to which we have referred in the preceding chapter. He did not hold all men, also, or even the majority of men, to be conscious of what they really worshipped in the visible Sun. The sentence we have already quoted: “Thou art in my heart, and there is none who knoweth Thee save Thy Son, Nefer-kheperu-ra Ua-en-ra . . .” (Beautiful-essence-of-the-Sun, Only-one-of-the-Sun) is sufficient to show what an aristocratic conception he had of what is, properly speaking, “religion” — an experience of the Divine within one’s self, which very few men can ever hope to obtain to the full. But just as he believed that men, of whatever country and creed, all tend to the consciousness of the One Essence and worship It in the Sun, in spite of their ignorance, so he held that beasts and birds, even insects and fishes — all living beings — dimly tend to the same ultimate knowledge, and already worship the same Principle of universal life, Cosmic Energy, without being able to conceive its nature, or even to think of it. They are, like the majority of men (and probably to a lesser degree than the average man, though of course nobody knows) vaguely aware of Something fundamental and supreme, which they feel in the heat and light of the Sun; in the magic touch of His life-giving beams. And they worship It, without knowing what It is, with movements and noises, or movements alone, each one to the uttermost capacity of his individual nature and of his particular species. That seems to have been Akhnaton’s view of the relation of animals to God. They were, in his eyes, religious beings of the same nature as man; capable of prayer and adoration, in a vaguer manner (for want of speech) but perhaps with no less elementary emotional intensity. Otherwise — had he not meant that — the word “Ka” would have no sense in the above references.
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Of plants, it is not said in the hymns whether or not, in their thrill at the touch of Aton’s golden beams, there enters any element of adoration. Yet, if the leap of the fish towards the surface of the water is considered as an act of “greeting”


the rising Sun, it seems hardly possible not to see in the water-lillies that “drink themselves drunk” (of His radiance) “before His face,” living creatures enjoying, at a lower level of consciousness, the maximum of ecstatic joy that their nature permits. The king’s words, “they drink themselves drunk,” seem to imply, in their case also, a sort of religious intoxication, a holy rapture, as the warm sun-rays enter the open flowers and reach down into their hearts.

In other words, far from setting up a definite line of demarcation between man and the living world outside man, and considering our species endowed with special rights by a god who made the rest of creatures for its use; far from forestalling, that is to say, the common view of later monotheistic creeds, from that of the Jews onwards, Akhnaton looked upon all sentient beings as children of the same Father — the Sun — and co-worshippers of the same ultimate God, Cosmic Energy, made visible and tangible in the Sun; as brothers, identical in nature, different only inasmuch as the consciousness of the supreme One is more or less developed in each individual. And just as all nations were united, in his eyes, by the fact that they all revere the “Father-and-Mother” of life in various tongues and with various inadequate rites, so were all living species united to one another and to man — and man to them — by the worship of the One Cosmic God.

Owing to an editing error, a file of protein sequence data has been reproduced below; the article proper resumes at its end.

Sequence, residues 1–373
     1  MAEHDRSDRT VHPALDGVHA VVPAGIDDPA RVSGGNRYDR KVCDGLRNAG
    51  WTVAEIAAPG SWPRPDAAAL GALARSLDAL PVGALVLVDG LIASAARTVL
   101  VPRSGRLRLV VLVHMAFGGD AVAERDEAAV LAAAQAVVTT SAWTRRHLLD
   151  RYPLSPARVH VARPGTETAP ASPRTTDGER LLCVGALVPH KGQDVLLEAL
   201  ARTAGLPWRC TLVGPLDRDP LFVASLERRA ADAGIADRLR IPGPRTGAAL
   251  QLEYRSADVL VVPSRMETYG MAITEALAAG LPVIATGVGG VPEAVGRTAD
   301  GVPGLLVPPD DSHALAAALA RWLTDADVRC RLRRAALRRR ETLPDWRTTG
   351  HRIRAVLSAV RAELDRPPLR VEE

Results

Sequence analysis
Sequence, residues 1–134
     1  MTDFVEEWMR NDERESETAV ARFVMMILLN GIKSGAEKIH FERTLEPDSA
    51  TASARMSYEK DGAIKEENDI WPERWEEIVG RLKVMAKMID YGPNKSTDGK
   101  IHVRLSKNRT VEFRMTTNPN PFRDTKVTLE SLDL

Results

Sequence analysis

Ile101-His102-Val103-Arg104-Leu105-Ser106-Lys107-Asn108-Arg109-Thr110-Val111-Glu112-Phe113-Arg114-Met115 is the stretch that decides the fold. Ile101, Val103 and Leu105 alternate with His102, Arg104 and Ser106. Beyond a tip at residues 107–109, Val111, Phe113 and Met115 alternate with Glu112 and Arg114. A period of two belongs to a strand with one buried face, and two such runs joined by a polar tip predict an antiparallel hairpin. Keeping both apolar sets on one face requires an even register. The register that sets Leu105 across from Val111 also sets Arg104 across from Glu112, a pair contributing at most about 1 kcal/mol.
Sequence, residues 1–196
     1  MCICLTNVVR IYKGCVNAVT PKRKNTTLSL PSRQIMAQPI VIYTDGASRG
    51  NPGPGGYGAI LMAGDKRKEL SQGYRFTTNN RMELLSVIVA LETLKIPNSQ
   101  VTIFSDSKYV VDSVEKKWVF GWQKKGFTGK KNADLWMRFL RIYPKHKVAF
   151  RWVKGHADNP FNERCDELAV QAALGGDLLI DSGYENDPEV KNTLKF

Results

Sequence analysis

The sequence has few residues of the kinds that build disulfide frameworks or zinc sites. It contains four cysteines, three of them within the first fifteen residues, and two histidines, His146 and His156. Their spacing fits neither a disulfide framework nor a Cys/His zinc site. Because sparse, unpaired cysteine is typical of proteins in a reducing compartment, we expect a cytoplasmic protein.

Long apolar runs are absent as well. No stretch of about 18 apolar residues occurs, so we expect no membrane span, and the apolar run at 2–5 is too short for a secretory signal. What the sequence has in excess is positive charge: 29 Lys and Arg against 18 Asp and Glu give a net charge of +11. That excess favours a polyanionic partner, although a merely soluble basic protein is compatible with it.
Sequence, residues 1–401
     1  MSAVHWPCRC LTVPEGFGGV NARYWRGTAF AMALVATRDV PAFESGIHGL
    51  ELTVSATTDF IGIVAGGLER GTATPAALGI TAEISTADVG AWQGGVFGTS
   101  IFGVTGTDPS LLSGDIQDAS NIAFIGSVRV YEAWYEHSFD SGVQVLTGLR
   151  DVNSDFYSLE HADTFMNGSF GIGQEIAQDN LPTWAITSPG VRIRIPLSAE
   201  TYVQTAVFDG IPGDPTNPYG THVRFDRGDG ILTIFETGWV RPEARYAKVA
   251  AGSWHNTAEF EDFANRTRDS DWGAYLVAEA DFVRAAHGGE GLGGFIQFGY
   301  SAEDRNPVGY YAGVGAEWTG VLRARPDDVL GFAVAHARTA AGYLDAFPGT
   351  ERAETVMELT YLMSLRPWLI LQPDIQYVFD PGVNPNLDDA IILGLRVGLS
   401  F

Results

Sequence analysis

For such was Aton, the God of all animals (and plants) as well as of all men; the God of all men, in fact, only because He was, primarily and essentially, the God of life in general — man being only a small part of the endless scheme of life. A learned historian wrote, as a criticism of Akhnaton’s Teaching, that the hymns contained hardly any more than an assertion of the pleasure to be alive, a “cat-like” enjoyment of the Sun.1 A true follower of the inspired Pharaoh would answer: “So much the better”; for the value of the Religion of the Disk lies precisely in the fact that it is perhaps the only religion fit for cats and all beasts no less than for men, and supermen. Its bold views concerning the oneness of matter and energy may well be understood only by a few

1 H. R. Hall: Ancient History of the Near East (Ninth Edit. 1936), p. 599.


human beings, even to-day. But its visible object of worship — the Sun — is, and indeed ever will be, the only manifestation of God which beasts, and birds, and fishes, and plants, and all possible forms of life can be expected to appreciate in their own way, no less than we do in ours, and to worship, if they are to worship anything. However simple be a creed, it can be at the most extended to all mankind — not beyond. Nor can any seer, any prophet, any deified hero receive the allegiance of creatures other than men. Nor can even any idol be worshipped by dumb beasts. But the Sun appeals to all, inspires all, is loved and worshipped by all, from the philosophising devotee of intangible Energy down to the cat, the cock, the fish, the sun-flower. And the young Founder of the Religion of the Disk himself — the perfect Man in whom shone both intellectual and religious genius — would have, no doubt, seen in the movement of the beautiful sensitive feline stretching out its velvet paws with pleasure as it winks at the Sun, and in the raising of his own hands in praise of Him, two parallel gestures of worship — two expressions of the universal love of finite, individual life for the unknown, infinite and impersonal Energy, Source of all life.